93 Year old Patient Serenades Staff and Patients

The well-known adage ‘there’s many a good tune played on an old fiddle’ has become a reality at Forth Valley Royal Hospital, thanks to a 93 year old patient.

Alan Cairney from Gartmore, near Stirling, is playing his violin and setting feet tapping from his bed in Ward B31. A semi professional musician, his repertoire ranges from ‘Mairi’s Wedding’ to ‘We’ll Meet Again’ and his musical renditions are proving to be a great hit with both staff and patients alike.

Alan, who was born in Prestwick and subsequently moved to Glasgow, took up his bow when he was nine or ten years old. He said: “I thoroughly enjoyed playing except when my mother told me to practice. In those days coal was scarce and we didn’t always have a fire in the room. If my parents wanted to listen to the wireless I had to go into a cold room and it was really difficult to play the violin with frozen hands.

“I remember sailing up the Clyde on the Jeanie Deans paddle steamer and my parents made me play on the boat. That was purgatory for me – I was just a young lad, 10 or 12, and a very shy boy.”

Alan was a classically trained musician, gaining ALCM in violin. But his real love was traditional jazz and he switched to double bass when he played in the first band set up by Kenny Ball after Kenny left the Sid Phillips band where he had been lead trumpet.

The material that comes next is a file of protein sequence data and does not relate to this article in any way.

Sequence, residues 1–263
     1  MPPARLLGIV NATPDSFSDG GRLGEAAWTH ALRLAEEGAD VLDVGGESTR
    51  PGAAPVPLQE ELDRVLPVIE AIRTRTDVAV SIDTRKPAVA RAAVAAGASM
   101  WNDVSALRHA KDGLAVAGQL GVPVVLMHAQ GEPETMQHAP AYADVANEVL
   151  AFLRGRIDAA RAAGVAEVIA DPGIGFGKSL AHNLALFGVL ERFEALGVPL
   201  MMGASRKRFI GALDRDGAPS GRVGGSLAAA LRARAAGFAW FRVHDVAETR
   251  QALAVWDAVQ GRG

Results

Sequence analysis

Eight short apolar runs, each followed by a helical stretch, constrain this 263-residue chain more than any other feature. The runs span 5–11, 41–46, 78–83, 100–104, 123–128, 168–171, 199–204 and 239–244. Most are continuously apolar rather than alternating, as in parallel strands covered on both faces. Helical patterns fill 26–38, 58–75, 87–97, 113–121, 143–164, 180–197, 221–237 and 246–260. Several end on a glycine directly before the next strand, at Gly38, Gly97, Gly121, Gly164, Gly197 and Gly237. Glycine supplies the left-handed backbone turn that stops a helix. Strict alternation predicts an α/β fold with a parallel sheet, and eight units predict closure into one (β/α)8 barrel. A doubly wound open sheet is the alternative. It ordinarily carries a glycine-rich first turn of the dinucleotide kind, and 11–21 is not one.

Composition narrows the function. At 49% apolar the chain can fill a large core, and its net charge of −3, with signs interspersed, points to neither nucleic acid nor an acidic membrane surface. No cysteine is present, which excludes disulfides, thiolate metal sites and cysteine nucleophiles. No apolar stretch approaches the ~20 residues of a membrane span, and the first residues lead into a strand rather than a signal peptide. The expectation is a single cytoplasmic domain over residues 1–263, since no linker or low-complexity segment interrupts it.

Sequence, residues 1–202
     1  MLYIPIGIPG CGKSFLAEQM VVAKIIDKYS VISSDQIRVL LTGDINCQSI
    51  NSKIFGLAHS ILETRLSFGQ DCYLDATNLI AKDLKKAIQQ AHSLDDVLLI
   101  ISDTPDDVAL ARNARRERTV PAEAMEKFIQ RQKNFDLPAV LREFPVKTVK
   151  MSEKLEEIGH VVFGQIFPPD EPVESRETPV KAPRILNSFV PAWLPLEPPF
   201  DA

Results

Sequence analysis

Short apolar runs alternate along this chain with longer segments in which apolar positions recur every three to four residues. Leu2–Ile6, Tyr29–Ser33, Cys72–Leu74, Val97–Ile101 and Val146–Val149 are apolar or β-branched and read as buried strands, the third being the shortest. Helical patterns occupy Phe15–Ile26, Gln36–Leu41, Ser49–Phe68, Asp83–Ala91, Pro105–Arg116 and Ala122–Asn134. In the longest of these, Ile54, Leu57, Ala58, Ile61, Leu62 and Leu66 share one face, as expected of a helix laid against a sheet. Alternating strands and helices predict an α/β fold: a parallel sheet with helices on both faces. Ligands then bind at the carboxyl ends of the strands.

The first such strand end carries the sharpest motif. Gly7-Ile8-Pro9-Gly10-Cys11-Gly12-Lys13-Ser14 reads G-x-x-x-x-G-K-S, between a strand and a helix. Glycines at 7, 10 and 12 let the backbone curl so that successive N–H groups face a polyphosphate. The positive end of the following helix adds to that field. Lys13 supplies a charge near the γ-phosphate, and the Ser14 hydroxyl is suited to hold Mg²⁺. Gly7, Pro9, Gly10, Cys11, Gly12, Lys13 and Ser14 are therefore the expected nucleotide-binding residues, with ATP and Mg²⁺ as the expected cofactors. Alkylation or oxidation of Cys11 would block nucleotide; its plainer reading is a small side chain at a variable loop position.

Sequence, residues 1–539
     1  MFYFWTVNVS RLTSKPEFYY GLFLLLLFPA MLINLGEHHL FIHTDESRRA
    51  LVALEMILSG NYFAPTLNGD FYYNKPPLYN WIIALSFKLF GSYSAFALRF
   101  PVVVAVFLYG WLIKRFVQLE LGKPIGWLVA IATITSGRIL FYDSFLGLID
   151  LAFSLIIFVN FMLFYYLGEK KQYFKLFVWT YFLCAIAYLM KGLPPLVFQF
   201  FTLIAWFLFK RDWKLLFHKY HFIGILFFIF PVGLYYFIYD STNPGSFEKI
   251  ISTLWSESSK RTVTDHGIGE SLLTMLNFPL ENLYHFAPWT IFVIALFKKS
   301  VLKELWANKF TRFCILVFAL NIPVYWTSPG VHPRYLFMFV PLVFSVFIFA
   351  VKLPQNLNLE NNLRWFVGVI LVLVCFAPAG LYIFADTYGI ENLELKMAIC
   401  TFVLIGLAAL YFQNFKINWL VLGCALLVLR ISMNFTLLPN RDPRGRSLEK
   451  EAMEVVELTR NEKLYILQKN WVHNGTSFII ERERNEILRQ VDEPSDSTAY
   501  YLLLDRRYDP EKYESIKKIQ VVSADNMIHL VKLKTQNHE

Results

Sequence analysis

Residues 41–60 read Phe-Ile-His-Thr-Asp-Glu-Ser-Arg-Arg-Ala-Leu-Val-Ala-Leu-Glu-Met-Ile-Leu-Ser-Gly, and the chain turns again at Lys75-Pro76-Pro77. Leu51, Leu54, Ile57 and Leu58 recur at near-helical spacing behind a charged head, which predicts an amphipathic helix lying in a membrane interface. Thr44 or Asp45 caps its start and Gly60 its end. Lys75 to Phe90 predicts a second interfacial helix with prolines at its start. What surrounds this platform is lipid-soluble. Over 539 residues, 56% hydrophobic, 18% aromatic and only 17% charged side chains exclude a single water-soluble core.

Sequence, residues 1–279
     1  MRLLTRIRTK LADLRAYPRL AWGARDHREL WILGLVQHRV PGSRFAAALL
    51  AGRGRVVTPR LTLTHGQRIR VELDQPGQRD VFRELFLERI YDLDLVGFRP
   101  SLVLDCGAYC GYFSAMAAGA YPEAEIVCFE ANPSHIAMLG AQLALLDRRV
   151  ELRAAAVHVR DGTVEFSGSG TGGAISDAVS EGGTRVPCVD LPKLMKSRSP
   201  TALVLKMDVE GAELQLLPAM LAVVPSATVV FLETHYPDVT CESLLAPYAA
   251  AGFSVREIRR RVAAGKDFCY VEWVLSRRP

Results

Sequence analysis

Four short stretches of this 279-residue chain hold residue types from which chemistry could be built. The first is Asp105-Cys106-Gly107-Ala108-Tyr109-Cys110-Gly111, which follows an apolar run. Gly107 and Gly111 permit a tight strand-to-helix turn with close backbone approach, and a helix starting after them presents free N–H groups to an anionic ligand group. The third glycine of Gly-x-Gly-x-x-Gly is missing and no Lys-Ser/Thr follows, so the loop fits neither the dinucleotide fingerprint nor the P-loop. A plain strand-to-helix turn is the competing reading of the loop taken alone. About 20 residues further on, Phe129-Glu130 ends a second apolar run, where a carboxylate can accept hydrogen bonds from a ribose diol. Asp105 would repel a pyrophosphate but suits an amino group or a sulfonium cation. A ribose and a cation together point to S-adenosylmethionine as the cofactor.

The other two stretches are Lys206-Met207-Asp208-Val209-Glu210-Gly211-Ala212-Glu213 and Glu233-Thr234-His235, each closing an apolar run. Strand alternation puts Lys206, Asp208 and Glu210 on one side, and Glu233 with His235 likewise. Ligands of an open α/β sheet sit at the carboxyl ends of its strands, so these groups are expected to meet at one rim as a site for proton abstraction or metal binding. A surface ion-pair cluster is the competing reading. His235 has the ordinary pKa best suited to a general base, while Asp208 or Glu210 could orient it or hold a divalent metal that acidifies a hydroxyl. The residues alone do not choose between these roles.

Alan – a refrigeration engineer by profession – then became a gigging musician, playing with the likes of Acker Bilk and Terry Lightfoot. His violin was brought into play again – as a doubling instrument for the tango.

But when his employers asked him to manage their Scottish office, Alan had to decide whether to turn full time professional musician – or take the job. He chose the latter.

He says he was prompted to bring his violin into hospital when he mentioned to someone that he could play. When asked how he thinks staff and patients have enjoyed being serenaded he said:  “I think they ran away and got their ear plugs – no, I’m only joking. They all seem keen to hear me play; being a Glasgow boy I know I am good!”

NHS Forth Valley Nursing Auxiliary Allison Cowie agrees.  She said: “We encourage him to play. He’s absolutely brilliant. It cheers us all up, and some of the patients have said how much they like to hear him. I think he’s the first violinist we’ve ever had in here – it’s great to have your own personal musician in the ward.”